Isaak Wissinger leaned over the ship’s railing and stared down into the dark blue water. He wasn’t the only one. Dozens of other passengers on the S.S. Waif des Vaterlands were lined up to watch as half a dozen giant turtles, each larger than a kitchen table swam along apparently oblivious to the steel vessel chugging past them. They were large, but not nearly as amazing as the writer had expected, having heard for years legends of the monsters to be found in Mallon.
After leaving his employment with Herr Fuhrmann, Wissinger had taken the train from Butzbach to Friedaport, where he had worked on the docks until he had enough accumulated wealth to book passage, steerage class, to Mallontah. This had taken him several months, but at last he had set sail. Now, he had been on the ship for forty-five days. His daily meals consisted of porridge in the morning, a piece dried tack for lunch, and for supper a soup made of beans and rancid pork. It was infinitely better that his diet in the ghetto had been.
It took Wissinger a moment to remember that he was Herr Holdern.
He turned to find a greasy looking little man standing behind him. He didn’t recall seeing him before, and after a month and a half at sea, that was remarkable in and of itself.
“Do I know you?”
“I do not think so, but I know some Holderns. Do you come from Boxstein?”
“No,” replied Wissinger.
“Do you have relatives there perhaps?”
“Not that I know of. You know how it is. People move all around and lose touch. You meet someone with the same last name and they may or may not be related. My people come from Bad Syke, but who knows?”
“What is it you did in Bad Syke?”
“Oh, I’m not from Bad Syke. I still have cousins living there, I think. I grew up in Wahlstedt.”
“And what did you do there then?”
“A teamster?” said the greasy fellow. “I took you for a scholar.”
“I doubt you get calluses like this reading books,” said Wissinger, holding up his palms. “Why, I try to stay as far away from schools and books as possible.”
“But it is pleasant to meet you, Mister…”
“Spinne. Adolf Spinne.”
“A pleasure to meet you, Herr Spinne. Maybe we can talk again before we make port.”
“Perhaps,” said Spinne with an oily smile.
Wissinger turned and made his way through the portal and down several sets of stairs to his berth. His was one of twenty-five bunks stacked five high in the relatively small cabin. Most of his roommates slept at night, so he tried to spend as much time as possible outside at night, instead taking in a long morning and afternoon nap. He climbed into his bed, second from the top and pulled the sleeping curtains closed around him. He could hear the sounds of a woman moaning in passion close by. She was in the same room, but in one of the other bunk stacks. This wasn’t all that unusual. People grabbed what comfort and satisfaction they could, and there were very few places to find any real privacy on a ship as crammed as this one.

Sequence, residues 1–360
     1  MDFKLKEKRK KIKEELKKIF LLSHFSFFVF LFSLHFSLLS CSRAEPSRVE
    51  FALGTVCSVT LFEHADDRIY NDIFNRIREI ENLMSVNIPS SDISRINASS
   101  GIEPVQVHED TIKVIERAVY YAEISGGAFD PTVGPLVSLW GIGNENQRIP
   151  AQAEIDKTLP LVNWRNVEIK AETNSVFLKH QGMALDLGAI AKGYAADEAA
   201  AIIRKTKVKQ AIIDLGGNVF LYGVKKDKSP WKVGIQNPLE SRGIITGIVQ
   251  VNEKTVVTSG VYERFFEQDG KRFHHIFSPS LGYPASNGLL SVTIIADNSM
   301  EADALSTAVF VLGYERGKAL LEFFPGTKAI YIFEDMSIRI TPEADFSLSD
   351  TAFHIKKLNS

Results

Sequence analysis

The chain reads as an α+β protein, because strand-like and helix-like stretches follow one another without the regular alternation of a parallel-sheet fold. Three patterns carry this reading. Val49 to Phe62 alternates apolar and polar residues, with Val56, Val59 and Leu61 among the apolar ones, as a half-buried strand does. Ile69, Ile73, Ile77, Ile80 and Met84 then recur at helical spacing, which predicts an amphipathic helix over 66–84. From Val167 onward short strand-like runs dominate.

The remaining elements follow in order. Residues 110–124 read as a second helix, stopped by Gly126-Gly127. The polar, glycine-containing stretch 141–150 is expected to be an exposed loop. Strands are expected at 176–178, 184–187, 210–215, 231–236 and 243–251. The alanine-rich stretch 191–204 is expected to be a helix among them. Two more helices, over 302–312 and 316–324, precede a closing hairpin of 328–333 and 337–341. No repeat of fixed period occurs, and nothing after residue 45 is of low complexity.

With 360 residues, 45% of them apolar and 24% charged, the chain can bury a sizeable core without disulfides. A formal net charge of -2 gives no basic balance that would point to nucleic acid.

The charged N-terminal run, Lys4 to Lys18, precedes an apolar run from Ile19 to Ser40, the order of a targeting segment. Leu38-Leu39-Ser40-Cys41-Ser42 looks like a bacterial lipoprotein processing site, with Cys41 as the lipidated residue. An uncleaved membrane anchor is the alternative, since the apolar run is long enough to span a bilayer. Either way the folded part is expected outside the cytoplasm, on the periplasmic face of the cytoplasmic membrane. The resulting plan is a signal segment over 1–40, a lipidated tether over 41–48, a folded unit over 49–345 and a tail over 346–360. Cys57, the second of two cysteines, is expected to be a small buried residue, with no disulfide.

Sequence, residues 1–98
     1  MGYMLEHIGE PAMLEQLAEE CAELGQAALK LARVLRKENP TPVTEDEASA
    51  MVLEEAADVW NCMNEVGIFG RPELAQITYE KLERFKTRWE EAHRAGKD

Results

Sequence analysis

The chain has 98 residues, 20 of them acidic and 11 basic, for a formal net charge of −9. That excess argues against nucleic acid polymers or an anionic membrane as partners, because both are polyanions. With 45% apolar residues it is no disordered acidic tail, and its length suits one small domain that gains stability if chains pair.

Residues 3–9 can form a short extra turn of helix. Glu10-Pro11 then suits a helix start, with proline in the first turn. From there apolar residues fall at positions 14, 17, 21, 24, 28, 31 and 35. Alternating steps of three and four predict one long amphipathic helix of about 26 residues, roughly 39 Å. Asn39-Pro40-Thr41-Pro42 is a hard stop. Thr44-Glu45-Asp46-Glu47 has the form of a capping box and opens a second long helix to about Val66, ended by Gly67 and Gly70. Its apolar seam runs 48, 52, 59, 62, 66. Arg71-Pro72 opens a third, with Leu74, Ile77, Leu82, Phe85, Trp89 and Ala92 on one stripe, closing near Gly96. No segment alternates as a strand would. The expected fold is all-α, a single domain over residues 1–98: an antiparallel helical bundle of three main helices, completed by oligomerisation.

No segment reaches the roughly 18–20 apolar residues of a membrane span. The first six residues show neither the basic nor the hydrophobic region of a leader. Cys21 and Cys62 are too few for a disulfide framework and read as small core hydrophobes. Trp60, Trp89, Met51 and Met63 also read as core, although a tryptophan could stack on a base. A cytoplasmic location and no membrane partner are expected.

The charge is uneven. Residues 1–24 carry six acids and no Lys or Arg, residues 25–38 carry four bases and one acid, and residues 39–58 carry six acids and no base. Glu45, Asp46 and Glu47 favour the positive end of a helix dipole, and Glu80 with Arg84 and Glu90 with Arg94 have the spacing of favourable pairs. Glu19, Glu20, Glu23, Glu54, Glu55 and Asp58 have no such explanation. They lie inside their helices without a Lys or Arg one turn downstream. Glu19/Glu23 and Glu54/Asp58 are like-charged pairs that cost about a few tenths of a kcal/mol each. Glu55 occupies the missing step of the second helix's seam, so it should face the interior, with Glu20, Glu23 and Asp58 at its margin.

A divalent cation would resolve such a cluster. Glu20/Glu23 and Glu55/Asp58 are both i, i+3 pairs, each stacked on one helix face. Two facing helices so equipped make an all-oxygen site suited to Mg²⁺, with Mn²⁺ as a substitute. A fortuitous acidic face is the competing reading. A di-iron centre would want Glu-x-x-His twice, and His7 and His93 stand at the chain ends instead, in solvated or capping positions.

“Sweet music isn’t it?” said a husky voice near his head.
Before he could respond, the curtain surrounding him was pulled aside to reveal Zurfina’s face, framed in a shock of blond hair. She climbed up into the bed on top of him. There was no room to lie side by side even had that been her intention. He was surprised though not unhappy to find that she was completely naked, and let out a deep sigh as she rubbed herself up and down his entire length.
She kissed him deeply, letting her tongue explore every part of his mouth.
“Have you been true to me?” she asked as she kissed his neck and reached down to unfasten his pants.
“Yes,” he said, then sighed again as she freed him from his trousers. “Um, have you been true to me?”
She stopped and looked guiltily up at him, then shrugged.
“When you get to Birmisia, if you want, I’ll be true to you then,” she said, “for a while.”
“Oh, Lord help me, at this moment I really don’t care.”